LPG uptake strategies in Sub-Saharan Africa

LPG consumption in SSA has experienced tremendous growth over the past 10 years, averaging a compound annual growth rate of 9.6%. Consumption has more than doubled since 2010, reaching 4.0mn mt in 2019. However, total SSA consumption is still dwarfed by North Africa, where the market is significantly more developed.

According to the 2019 revision of the United Nations World Population Prospects, world population is estimated to grow by 1.6bn in the next 20 years and nearly half of that will be in Africa, taking the continent’s population to over 2.0bn. It is important to consider the potential effect of this population growth on the continent, which is already struggling to reduce energy poverty. Biomass still makes up a significant part of the energy mix in SSA as wood and charcoal remain the primary cooking fuels of SSA households. If not addressed, this dependency on biomass will only accelerate the deforestation rates currently observed in SSA. In its base case scenario, the International Energy Agency (IEA) forecasts that biomass consumption will continue to increase before it starts to tail off. 

Countries have taken diverse approaches to foster their LPG markets in SSA including awareness programmes, subsidies, appliance programmes, educating potential users of the efficiency, cleanliness, environmental and health benefits of using LPG instead of alternatives such as biomass or kerosene.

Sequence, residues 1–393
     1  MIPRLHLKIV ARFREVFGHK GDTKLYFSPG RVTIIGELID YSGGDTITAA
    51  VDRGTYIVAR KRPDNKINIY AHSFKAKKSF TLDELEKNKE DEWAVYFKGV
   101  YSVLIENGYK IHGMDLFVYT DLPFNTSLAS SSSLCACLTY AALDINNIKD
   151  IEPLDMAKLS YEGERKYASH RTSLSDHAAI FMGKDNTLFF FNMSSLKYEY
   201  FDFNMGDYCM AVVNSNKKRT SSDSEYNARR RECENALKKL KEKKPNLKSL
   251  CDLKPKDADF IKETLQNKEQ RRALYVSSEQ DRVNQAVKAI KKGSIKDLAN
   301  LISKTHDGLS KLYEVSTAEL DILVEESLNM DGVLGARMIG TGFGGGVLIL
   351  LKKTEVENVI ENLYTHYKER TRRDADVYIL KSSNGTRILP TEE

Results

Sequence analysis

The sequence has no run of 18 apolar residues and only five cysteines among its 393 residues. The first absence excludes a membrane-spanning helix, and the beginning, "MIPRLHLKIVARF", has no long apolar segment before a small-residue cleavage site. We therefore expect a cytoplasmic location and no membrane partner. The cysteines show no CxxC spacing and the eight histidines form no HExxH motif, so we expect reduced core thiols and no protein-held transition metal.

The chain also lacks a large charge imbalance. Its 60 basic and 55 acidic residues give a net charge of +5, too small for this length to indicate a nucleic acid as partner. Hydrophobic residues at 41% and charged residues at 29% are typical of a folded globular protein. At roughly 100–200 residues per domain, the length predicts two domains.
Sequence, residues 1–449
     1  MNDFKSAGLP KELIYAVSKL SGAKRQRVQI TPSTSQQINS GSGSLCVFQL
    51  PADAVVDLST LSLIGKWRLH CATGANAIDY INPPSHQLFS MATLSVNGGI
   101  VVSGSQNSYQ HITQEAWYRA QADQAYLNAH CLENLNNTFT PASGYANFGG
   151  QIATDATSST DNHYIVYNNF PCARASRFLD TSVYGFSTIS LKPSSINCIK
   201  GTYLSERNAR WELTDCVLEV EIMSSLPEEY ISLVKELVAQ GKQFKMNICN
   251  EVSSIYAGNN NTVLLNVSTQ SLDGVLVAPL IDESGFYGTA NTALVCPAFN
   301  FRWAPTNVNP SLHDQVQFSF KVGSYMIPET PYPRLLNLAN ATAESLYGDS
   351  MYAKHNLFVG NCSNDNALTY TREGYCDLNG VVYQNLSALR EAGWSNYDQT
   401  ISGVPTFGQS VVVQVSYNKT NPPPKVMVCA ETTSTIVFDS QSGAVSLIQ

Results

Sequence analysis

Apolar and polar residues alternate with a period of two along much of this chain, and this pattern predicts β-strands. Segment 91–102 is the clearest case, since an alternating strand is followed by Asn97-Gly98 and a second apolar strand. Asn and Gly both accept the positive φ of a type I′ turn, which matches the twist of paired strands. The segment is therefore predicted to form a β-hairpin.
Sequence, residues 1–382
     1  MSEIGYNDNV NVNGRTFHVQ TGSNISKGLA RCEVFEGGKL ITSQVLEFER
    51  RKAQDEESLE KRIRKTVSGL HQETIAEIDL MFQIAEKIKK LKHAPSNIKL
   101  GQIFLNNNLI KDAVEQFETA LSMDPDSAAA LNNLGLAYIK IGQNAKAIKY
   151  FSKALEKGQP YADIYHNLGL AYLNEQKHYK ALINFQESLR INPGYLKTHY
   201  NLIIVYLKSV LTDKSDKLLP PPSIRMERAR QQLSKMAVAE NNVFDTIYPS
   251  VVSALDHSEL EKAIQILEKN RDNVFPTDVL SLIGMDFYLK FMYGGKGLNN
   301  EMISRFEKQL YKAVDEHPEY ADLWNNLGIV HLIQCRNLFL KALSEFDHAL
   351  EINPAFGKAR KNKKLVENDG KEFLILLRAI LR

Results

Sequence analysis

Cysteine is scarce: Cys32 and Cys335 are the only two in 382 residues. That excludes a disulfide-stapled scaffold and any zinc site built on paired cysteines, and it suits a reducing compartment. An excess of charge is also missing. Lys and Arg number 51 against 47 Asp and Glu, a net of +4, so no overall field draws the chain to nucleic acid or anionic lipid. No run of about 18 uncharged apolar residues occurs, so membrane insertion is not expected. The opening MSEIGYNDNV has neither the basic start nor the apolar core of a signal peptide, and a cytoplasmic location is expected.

Subsidies, whether directly to the product itself, or indirectly to bottles and appliances (burners, stoves), have been carried out in some form in at least half of SSA. Ending subsidy policies to competing fuels, such as kerosene, have also taken place, using market economics to encourage consumers to adopt LPG. Other strategies have included infrastructure investments in parts of or in the entire LPG value chain as well as the introduction of cheap supplies, whether by new sources of supply or by better utilisation of wasted resources, e.g. flaring.

This CITAC Industry Insight looks at individual case studies of LPG uptake strategies that have worked in certain SSA countries and why these could serve as inspiration for other countries to develop their own LPG industry. It also provides insights of possible undesirable effects that could arise from certain policies.

This is an extract of the Insight Paper published in CITAC’s Sub-Saharan Africa Oil Market Report (January 2020)

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